Follow-up Testing after Positive Screen

In most states, if either the preductal or postductal pulse oximetry reading is <90%, the result is considered a fail. [Matthew: 2016] If either reading is ≥95% and the difference between the 2 readings is ≤3%, the result is considered a pass. [Matthew: 2016] Results outside of these 2 ranges require repeat testing in 1 hour for up to 2 additional tests. A child who has not passed the screening by the third testing is considered to have failed. [Matthew: 2016]

Primary Care Management

Upon Notification of the + Screen

  • Examine the infant to make sure the baby is hemodynamically stable. Any signs or symptoms of compromise or cardiac failure should prompt rapid evaluation and care including potential urgent transfer to a center with advanced care capabilities. 
  • Evaluate the infant for cardiac and non-cardiac causes of hypoxemia. A positive screen does not always mean the baby has CCHD, and further testing may be needed if other clinical problems are obvious.
  • If no other cause for hypoxemia is obvious, a cardiologist or neonatologist should be consulted and an echocardiogram should be performed as indicated clinically or by local protocol.
  • Depending on timing and the nursery/hospital, the family of the newborn may be aware of the screening result and pediatric cardiology may already be involved. Contact the family to provide support and coordination of care as needed.

If the Diagnosis is Confirmed

  • If CCHD is identified on echocardiography, urgent consultation with a pediatric cardiologist and/or transfer to a medical facility with pediatric cardiology expertise is warranted.

Specialty Care Collaboration

Refer to a pediatric cardiologist, if not already initiated, and a pediatric geneticist for initial consultation and ongoing collaboration. The pediatric geneticist can help with genetic counseling for the family and ruling out inherited disorders associated with CCHD (see all Pediatric Cardiology services providers (3) in our database and Pediatric Medical Genetics , (801-213-3599); See also Services below).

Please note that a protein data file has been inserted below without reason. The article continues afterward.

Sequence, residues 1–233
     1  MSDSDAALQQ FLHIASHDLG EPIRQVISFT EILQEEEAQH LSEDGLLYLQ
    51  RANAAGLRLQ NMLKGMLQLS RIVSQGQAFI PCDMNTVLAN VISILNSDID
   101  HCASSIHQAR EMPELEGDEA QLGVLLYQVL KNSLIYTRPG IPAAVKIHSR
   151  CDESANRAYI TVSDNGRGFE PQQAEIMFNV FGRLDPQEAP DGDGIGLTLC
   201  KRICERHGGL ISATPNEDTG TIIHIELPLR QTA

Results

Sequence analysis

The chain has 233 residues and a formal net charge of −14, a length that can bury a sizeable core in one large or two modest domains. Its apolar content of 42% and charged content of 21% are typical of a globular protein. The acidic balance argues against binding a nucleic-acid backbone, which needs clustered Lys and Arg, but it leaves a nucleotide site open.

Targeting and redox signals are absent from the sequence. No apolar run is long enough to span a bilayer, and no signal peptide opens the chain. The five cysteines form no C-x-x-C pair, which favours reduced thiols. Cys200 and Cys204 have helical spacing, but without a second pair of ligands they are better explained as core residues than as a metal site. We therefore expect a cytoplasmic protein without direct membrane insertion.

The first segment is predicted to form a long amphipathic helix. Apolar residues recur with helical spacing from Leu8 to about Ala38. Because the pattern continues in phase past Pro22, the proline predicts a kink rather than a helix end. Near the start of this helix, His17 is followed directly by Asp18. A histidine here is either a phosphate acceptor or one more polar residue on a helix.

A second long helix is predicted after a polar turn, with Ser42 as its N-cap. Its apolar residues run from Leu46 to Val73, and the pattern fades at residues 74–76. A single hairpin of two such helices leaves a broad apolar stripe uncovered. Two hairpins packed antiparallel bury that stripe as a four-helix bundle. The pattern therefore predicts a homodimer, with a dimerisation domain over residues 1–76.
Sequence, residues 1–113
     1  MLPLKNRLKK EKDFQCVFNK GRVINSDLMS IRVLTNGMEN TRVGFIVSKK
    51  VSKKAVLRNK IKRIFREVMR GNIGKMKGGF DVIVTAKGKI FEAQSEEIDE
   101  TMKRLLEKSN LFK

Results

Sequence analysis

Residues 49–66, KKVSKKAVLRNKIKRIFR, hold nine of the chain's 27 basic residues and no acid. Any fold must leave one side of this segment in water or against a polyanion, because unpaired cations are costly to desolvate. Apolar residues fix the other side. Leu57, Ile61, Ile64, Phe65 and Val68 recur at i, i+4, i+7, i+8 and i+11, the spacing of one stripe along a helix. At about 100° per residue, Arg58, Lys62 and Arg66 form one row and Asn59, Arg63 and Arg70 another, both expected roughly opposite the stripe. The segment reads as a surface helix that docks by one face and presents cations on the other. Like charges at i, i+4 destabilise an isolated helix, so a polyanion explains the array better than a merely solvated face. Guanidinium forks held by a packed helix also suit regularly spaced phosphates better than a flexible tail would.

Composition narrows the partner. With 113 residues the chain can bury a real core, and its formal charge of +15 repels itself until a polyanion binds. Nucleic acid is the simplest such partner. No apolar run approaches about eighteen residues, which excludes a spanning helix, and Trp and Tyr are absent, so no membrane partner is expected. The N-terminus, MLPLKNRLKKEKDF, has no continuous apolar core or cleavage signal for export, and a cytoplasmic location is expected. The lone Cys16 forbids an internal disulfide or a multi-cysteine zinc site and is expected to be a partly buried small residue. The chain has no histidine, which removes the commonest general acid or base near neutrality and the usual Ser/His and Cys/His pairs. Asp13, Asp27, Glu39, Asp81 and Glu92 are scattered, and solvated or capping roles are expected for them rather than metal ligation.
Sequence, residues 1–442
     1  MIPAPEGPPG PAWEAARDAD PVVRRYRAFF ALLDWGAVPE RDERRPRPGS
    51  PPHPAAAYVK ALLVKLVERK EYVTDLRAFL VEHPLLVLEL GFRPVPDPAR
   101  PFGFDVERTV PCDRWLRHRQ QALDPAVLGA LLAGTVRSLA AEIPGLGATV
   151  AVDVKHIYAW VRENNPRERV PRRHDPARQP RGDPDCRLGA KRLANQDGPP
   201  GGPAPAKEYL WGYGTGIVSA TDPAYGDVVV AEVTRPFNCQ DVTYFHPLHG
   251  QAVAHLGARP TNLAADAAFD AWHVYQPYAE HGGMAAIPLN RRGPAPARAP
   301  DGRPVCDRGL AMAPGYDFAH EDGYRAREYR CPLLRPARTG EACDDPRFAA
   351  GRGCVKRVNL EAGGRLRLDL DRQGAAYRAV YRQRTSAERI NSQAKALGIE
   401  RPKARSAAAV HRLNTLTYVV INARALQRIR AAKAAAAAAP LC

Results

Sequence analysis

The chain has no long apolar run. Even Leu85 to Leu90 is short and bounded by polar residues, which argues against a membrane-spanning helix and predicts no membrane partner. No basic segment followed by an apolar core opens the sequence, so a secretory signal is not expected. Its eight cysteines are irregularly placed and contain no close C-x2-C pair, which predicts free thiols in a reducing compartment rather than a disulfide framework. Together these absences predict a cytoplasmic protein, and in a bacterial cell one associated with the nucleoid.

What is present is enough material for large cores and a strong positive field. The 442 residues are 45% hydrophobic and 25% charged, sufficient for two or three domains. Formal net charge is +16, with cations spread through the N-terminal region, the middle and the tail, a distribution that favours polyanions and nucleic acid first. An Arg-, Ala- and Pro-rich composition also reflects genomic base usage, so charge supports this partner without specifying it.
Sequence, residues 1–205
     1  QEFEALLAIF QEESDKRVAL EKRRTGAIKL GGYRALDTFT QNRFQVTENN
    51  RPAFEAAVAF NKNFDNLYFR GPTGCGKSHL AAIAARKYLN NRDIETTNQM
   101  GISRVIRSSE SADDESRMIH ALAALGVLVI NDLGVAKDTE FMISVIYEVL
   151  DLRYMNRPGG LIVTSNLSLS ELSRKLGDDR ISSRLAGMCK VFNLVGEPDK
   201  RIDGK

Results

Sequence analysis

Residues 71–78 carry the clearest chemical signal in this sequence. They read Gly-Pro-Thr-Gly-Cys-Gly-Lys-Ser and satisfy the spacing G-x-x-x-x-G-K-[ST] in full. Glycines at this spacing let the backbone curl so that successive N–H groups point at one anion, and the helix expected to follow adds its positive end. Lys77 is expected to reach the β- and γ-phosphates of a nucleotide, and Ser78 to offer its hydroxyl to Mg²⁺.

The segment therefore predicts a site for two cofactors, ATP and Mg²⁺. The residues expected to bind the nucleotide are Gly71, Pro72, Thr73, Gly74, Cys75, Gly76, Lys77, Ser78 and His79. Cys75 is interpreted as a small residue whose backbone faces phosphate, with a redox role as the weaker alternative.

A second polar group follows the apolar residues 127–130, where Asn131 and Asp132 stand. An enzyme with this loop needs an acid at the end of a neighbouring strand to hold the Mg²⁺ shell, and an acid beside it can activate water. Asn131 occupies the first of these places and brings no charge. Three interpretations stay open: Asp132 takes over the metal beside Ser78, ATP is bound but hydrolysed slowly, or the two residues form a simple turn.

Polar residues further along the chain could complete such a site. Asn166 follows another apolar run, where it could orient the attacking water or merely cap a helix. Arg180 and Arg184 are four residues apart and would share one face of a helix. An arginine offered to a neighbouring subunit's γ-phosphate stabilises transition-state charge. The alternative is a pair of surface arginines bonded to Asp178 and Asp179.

Resources

Information & Support

For Professionals

Newborn Screening for CCHD: Information & Resources for Clinicians (AAP)
Clinical guidance provided in a question and answer format; American Academy of Pediatrics.

Heart Defects - Information for Clinicians (CDC)
Contains a screening algorithm, current research summaries, and information about specific heart defects; Centers for Disease Control and Prevention.

Utah Newborn Screening Program (UDOH)
Provides information about the program, related legislation, training for practices, and newborn conditions; Utah Department of Health.

Genetics in Primary Care Institute (AAP)
The goal of this site is to increase collaboration in the care of children with known or suspected genetic disorders. Includes health supervision guidelines and other useful resources; a collaboration among the Health Resources & Services Administration, the Maternal and Child Health Bureau, and the American Academy of Pediatrics.

Pulse Oximetry Screening for CCHD (University of Wisconsin) (PDF Document 19.3 MB)
Focuses on helpful information for screening programs that includes screening recommendations, types of CCHD identified by pulse oximetry, an algorithm for response to positive screen, and a sample screening form.

For Parents and Patients

Support

Mended Little Hearts
Support for children with congenital heart defects and their families. There are 80 chapters in the US and Mexico.

Kids with Heart
Provides surgical care packages, local support group meetings, parent matching, and other support services for families affected by congenital heart defects.

Little Hearts
Emotional support, education, resources, and parent networking for families affected by congenital heart defects.

General

Critical Congenital Heart Disease (Baby's First Test)
Information about early signs, follow-up testing, treatment, causes, accessing care, and expected outcomes. Provides links to support services; supported by the U.S. Department of Health and Human Services.

Critical Congenital Heart Disease - Information for Parents (STAR-G)
A fact sheet, written by a genetic counselor and reviewed by metabolic and genetic specialists, for families who have received an initial diagnosis of this newborn disorder; Screening, Technology and Research in Genetics.

Critical Congenital Heart Disease (Genetics Home Reference)